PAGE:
First days in France… before China!

By Kristen King

Bonjour Paris!

Any anxiety this American girl had stepping off the plane from New York was quickly relieved by the welcome I received. Shortly after touching down in Paris, I was met by a new classmate and his mother, who were also inviting me into their home. A quick kiss on the cheek that said “hello” and “welcome” and “nice to meet you” was all it took.

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The next morning arrived too quickly, as it was still the middle of the night in New York, and soon we were on our way.  The destination was Fontainebleau and an introduction to our project, China, and the next 8 months.  The schedule for the week was full: introductions, the necessary history and best practices for negotiating in China, and (of course) ice breaking, team building activities where we all learned a bit more about ourselves and our fellow classmates.

The end of the week came with cooler weather, and everyone embraced the desire to be outdoors.  The forest surrounding the town of Fontainebleau, which includes the campus of MINES ParisTech, served as a great location for a hike.  This forest had dominated some of our early discussion and educational activities earlier in the week.  Though it is now nationalized, this land had once been owned by the King and was utilized as hunting grounds.  It is now protected land, serving as a representative of an important source of fuel over the last centuries.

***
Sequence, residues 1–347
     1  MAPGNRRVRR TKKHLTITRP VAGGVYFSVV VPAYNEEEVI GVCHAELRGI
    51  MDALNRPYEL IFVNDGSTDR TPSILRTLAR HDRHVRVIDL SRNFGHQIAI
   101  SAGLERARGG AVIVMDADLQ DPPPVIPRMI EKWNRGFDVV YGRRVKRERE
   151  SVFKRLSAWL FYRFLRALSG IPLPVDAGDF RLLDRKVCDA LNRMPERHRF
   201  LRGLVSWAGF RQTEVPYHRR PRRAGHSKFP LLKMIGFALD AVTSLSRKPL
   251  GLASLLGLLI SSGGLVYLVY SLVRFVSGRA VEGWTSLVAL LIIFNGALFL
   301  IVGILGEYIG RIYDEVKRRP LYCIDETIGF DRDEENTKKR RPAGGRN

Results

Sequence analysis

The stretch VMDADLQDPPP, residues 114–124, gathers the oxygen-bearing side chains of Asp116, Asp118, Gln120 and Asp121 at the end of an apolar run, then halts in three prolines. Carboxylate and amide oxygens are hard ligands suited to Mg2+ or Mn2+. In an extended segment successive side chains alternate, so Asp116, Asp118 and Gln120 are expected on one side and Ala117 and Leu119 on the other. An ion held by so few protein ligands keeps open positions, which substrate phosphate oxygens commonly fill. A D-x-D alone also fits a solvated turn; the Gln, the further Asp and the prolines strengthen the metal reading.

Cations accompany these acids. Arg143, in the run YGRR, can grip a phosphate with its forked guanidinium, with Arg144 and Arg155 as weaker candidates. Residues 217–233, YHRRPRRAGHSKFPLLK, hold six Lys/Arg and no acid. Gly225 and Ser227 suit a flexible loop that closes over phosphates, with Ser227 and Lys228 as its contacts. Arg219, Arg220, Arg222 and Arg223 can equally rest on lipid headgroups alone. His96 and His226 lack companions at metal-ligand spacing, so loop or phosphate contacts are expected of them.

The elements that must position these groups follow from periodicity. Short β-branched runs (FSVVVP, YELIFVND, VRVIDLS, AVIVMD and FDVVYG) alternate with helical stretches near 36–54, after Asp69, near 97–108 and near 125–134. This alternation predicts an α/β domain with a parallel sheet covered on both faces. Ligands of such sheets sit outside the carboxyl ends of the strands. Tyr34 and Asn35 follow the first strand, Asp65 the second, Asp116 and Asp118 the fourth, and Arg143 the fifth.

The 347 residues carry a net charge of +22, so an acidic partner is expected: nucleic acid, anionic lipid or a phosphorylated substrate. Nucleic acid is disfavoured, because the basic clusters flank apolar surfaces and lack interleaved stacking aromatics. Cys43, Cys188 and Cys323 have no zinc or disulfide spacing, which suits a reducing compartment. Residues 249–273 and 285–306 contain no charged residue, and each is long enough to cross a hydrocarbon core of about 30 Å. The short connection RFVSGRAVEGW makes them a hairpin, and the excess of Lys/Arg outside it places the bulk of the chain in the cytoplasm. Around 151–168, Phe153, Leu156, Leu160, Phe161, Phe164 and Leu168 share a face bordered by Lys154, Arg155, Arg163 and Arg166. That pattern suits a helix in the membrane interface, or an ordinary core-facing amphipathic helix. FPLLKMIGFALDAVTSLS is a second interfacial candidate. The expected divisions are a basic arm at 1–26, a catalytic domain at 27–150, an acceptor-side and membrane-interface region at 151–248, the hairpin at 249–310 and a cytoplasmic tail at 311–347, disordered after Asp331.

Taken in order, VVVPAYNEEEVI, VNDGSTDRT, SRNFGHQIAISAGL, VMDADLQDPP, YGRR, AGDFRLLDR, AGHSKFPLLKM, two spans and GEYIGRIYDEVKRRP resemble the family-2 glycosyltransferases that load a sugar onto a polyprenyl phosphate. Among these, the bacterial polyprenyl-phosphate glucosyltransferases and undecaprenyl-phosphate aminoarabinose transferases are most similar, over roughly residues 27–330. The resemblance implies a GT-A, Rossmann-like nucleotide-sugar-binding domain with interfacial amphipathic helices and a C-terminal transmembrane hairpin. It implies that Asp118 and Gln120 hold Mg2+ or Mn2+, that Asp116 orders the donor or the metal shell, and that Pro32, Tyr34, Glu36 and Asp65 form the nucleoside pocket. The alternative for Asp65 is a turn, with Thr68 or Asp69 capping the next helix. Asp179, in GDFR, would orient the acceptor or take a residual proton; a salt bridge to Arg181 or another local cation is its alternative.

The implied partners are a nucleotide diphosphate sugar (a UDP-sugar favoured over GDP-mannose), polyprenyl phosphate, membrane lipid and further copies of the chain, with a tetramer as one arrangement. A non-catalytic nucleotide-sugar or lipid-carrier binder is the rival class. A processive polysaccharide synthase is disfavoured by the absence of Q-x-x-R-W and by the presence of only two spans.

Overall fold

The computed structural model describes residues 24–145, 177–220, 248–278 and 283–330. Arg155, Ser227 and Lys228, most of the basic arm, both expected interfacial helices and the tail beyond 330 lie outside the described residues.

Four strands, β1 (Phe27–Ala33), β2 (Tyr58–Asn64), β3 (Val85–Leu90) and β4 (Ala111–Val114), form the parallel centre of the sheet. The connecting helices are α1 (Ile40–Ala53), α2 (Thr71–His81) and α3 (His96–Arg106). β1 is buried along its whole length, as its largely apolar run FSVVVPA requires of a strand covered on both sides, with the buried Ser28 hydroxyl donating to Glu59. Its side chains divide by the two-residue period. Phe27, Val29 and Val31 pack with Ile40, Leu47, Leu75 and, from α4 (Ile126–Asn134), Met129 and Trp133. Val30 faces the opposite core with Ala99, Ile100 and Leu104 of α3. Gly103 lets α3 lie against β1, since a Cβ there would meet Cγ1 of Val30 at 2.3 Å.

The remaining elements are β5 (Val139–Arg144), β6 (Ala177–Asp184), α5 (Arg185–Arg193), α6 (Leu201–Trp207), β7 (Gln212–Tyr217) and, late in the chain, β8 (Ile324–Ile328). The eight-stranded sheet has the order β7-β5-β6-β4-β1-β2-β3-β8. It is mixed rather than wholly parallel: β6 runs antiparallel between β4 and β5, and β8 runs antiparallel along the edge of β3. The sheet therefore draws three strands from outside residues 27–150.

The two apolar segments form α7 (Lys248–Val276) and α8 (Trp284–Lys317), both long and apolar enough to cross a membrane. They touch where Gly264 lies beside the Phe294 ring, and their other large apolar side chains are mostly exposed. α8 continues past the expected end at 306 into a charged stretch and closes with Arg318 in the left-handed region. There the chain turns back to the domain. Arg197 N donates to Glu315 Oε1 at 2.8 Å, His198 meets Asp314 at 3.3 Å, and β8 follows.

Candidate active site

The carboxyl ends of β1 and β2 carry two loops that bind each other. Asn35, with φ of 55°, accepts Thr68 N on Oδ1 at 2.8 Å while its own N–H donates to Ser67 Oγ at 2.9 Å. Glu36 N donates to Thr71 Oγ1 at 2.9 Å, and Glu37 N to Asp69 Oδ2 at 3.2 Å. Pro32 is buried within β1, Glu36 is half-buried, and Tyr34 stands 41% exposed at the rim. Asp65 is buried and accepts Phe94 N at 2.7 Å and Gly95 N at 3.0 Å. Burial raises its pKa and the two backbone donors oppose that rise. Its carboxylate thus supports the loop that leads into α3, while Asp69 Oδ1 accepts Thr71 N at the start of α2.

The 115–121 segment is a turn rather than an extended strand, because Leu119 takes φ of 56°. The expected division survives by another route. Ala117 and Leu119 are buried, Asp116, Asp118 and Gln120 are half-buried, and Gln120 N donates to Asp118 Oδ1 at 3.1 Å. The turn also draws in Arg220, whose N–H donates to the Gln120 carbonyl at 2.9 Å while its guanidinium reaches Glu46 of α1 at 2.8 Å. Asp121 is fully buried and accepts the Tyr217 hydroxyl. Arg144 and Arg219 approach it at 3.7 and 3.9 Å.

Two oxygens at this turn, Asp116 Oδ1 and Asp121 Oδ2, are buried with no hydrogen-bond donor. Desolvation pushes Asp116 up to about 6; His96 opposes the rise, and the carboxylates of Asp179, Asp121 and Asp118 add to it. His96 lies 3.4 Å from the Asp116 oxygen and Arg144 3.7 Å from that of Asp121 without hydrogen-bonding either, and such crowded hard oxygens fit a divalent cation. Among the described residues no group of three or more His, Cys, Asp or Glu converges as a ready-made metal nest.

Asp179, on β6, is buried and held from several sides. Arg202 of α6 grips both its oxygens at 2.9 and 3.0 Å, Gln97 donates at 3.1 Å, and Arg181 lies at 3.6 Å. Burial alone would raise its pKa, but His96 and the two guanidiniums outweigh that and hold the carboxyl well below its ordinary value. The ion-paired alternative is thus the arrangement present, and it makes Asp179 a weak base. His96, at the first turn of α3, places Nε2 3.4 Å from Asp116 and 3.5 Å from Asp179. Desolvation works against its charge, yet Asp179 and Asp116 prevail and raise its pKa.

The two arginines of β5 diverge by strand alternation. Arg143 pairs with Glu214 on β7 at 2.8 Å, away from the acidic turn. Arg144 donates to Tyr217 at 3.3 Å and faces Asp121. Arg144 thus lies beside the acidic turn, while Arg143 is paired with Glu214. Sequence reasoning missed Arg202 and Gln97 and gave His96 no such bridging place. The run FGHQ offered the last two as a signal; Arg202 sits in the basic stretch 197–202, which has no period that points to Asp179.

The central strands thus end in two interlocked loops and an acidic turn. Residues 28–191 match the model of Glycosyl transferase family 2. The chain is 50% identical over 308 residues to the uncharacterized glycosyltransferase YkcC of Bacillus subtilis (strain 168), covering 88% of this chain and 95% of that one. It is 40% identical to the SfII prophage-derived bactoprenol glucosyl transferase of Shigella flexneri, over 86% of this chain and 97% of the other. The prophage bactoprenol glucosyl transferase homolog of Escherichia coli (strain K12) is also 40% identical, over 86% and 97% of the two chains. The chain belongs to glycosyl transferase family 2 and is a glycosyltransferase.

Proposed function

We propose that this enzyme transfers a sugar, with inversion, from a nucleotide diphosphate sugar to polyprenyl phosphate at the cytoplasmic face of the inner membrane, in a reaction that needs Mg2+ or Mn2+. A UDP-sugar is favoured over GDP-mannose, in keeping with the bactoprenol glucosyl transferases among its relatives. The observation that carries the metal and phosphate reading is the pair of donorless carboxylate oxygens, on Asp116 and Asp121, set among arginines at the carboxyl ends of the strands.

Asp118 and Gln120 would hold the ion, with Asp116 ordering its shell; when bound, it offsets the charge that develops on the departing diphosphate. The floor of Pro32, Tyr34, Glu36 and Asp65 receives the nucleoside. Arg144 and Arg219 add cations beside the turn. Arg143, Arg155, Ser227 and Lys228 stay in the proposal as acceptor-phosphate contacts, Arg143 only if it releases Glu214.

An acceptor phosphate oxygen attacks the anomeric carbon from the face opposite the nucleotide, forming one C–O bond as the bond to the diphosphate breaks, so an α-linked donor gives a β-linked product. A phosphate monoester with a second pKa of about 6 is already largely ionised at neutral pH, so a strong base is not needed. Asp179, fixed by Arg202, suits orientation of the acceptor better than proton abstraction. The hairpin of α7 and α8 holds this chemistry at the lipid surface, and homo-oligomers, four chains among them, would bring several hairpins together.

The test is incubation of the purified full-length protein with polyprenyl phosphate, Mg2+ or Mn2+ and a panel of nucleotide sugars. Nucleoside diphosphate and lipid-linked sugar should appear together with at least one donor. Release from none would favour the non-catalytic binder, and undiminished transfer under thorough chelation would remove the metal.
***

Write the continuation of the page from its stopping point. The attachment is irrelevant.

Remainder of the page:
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As our group took their first steps through the trees, I let my mind wander and reflect over the last few days. Earlier in the week our group had participated in the Graves Model, used to help identify personality traits that drive our actions and also how we interact with others.  I was amused as I observed who followed directly with our tour guide, who broke off into smaller groups, and who took to their own path, playing on the stones or tempting the trees to fight back. Guesses as to which group I fell into?  The fresh air and clear views were a serene way to say “Au revoir until January.”  And now, we say hello to Beijing.